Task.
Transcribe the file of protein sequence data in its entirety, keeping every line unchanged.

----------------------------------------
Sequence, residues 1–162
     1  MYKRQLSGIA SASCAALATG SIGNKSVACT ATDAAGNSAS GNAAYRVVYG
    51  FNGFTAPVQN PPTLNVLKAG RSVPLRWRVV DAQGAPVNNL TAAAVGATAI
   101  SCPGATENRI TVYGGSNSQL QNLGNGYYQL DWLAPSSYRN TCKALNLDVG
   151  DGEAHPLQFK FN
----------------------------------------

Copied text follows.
Sequence, residues 1–162
     1  MYKRQLSGIA SASCAALATG SIGNKSVACT ATDAAGNSAS GNAAYRVVYG
    51  FNGFTAPVQN PPTLNVLKAG RSVPLRWRVV DAQGAPVNNL TAAAVGATAI
   101  SCPGATENRI TVYGGSNSQL QNLGNGYYQL DWLAPSSYRN TCKALNLDVG
   151  DGEAHPLQFK FN